When my mother was alive she constantly had to fend off jokes about her home town. Although born in Albany, on King George Sound and the oldest settlement in Western Australia, my “sand groper” mum lived many of her formative years in the tiny timber town of Yarloop. And it was that name that caused such mirth – although being a person of good humour she took it all in her stride.
Those early years coincided with the Depression and, like many families across Australia and around the world, the bread winner found himself without a job. The family was torn apart with my grandmother and the two youngest children sailing to Sydney to join East Coast family members. My grandfather, my mother and her elder sister stayed behind in Western Australia. Then my aunt and grandfather also moved to Sydney while my mother stayed with her grandparents in Yarloop where her grandfather worked in the timber industry.
Eventually a wealthy uncle paid her boat fare to Sydney and she joined the rest of the family. She remained very attached to Yarloop and often talked fondly about her life there: the stability of staying put in a secure environment at a time of such upheaval; of going to the pictures and holding hands with a boy when the lights went out – the same boy who continued to send her cards well into her 80s and who said he still carried her photograph in his wallet; her bittersweet farewell from Yarloop, happy at the prospect of being reunited with her family, sad at the thought of leaving her grandparents, friends and the embrace of that little town.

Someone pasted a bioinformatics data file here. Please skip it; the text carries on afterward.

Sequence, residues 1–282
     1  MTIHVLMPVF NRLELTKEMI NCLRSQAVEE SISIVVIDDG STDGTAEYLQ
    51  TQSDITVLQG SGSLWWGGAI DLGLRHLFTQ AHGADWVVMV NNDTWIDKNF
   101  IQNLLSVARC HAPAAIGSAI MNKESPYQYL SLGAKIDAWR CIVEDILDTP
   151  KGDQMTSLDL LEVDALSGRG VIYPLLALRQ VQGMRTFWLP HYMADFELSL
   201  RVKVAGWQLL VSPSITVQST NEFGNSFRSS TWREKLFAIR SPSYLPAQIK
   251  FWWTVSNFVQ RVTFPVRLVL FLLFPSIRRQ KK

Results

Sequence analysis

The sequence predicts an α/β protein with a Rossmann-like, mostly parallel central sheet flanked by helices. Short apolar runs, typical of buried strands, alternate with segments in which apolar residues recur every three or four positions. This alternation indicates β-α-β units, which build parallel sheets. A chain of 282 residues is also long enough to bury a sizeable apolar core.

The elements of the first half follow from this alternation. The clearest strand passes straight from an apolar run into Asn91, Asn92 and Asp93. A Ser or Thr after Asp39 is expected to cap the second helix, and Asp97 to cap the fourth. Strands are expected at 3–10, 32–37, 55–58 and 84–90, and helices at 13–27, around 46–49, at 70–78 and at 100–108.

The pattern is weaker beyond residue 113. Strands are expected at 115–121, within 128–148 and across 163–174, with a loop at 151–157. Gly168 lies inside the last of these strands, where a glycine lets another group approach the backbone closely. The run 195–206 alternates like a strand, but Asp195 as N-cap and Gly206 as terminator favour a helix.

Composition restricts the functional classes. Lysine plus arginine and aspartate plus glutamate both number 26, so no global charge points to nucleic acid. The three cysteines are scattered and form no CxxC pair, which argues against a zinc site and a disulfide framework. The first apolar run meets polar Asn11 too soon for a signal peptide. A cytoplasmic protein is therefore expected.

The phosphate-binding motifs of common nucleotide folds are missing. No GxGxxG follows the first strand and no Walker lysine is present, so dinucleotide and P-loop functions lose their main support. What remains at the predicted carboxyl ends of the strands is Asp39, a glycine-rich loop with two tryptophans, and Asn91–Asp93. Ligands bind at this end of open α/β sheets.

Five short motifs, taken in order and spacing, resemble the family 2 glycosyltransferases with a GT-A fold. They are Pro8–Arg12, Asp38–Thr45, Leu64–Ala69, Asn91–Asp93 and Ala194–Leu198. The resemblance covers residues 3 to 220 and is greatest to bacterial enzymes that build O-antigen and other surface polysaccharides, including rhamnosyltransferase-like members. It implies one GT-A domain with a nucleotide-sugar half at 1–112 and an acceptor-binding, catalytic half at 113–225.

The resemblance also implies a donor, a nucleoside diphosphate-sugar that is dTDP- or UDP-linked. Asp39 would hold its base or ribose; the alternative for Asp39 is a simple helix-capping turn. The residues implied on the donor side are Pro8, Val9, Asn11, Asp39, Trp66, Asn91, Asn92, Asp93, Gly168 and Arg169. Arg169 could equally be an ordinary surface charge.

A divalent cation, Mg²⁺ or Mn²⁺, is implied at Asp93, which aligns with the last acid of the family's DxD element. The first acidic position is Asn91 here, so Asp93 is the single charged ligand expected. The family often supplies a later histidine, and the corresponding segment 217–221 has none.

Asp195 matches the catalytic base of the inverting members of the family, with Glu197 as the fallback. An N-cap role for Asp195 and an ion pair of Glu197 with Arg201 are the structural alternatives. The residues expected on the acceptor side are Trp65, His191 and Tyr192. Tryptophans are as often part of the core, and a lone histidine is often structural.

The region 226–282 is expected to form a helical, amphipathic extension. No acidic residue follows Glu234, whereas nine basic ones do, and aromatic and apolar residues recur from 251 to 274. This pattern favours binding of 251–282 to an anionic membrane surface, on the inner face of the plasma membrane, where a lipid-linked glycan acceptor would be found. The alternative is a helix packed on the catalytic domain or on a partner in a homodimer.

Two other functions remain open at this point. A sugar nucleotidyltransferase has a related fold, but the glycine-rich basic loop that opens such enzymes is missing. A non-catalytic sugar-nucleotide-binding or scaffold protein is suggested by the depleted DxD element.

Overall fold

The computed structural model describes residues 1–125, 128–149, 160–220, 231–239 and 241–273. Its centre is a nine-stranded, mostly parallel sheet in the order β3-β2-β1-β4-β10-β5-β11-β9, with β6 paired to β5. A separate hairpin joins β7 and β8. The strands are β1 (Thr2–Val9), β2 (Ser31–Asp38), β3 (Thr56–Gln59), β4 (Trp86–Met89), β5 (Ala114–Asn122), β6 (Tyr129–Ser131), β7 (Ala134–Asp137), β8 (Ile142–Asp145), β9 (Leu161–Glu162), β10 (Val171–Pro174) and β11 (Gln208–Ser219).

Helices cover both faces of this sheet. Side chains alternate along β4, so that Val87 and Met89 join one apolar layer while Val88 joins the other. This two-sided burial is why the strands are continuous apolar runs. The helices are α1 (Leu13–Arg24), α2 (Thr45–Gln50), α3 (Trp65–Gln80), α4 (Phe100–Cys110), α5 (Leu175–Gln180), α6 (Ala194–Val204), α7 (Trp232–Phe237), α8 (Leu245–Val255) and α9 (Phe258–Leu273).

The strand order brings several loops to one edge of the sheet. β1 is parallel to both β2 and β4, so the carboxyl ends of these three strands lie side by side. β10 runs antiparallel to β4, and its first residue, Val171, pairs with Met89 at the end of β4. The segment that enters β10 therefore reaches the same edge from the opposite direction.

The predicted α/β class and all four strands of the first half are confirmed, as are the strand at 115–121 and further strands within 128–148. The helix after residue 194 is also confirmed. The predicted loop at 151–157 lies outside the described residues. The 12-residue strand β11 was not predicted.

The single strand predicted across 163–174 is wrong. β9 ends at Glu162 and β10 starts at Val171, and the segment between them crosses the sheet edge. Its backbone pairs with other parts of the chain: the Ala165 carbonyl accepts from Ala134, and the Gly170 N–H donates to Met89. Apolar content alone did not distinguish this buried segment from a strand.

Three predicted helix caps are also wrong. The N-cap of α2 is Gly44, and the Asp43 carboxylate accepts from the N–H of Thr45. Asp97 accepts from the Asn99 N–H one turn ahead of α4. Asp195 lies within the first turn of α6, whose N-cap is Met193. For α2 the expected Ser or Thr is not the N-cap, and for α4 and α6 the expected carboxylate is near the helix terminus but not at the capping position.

So to hear today that Yarloop has been all but wiped off the map in south-west Western Australia’s brutal bushfires is devastating news. How heartbroken my mother would be that the little wooden cottage she had shared with her grandparents, just across from the war memorial and next to the railway workshops, had fallen victim to the destructive flames. The cottage had been the focus of many a visit from the East Coast descendants over the years. The long-suffering owners had tolerated tours by me and numerous cousins and most recently my brother and sister-in-law late last year. My heart goes out to them and I hope they are safe.
Today I located some snaps from a visit I paid with my daughter about 10 years ago and my brother sent some from his recent trip. Despite the name, Yarloop is probably an early-settler mispronunciation of Yarlup Brook, only about five kilometres north and using the common Noongar-language place-name “up” ending.
Railway Workshops Museum, Yarloop.
My mother’s grandparent’s cottage, Yarloop.